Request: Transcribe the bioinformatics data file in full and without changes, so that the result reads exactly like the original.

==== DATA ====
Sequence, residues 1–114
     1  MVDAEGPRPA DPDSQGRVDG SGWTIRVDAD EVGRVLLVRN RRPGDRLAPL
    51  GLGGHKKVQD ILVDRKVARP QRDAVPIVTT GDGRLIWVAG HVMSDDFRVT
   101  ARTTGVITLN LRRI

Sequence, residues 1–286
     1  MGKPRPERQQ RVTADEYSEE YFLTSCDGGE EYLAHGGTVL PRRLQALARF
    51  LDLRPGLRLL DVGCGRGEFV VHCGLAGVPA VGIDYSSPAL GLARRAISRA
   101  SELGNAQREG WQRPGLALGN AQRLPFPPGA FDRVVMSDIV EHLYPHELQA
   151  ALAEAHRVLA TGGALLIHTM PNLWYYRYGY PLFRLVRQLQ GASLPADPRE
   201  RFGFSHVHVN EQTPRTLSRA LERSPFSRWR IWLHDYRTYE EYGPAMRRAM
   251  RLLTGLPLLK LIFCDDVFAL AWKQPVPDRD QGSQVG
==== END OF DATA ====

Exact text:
Sequence, residues 1–114
     1  MVDAEGPRPA DPDSQGRVDG SGWTIRVDAD EVGRVLLVRN RRPGDRLAPL
    51  GLGGHKKVQD ILVDRKVARP QRDAVPIVTT GDGRLIWVAG HVMSDDFRVT
   101  ARTTGVITLN LRRI

Sequence, residues 1–286
     1  MGKPRPERQQ RVTADEYSEE YFLTSCDGGE EYLAHGGTVL PRRLQALARF
    51  LDLRPGLRLL DVGCGRGEFV VHCGLAGVPA VGIDYSSPAL GLARRAISRA
   101  SELGNAQREG WQRPGLALGN AQRLPFPPGA FDRVVMSDIV EHLYPHELQA
   151  ALAEAHRVLA TGGALLIHTM PNLWYYRYGY PLFRLVRQLQ GASLPADPRE
   201  RFGFSHVHVN EQTPRTLSRA LERSPFSRWR IWLHDYRTYE EYGPAMRRAM
   251  RLLTGLPLLK LIFCDDVFAL AWKQPVPDRD QGSQVG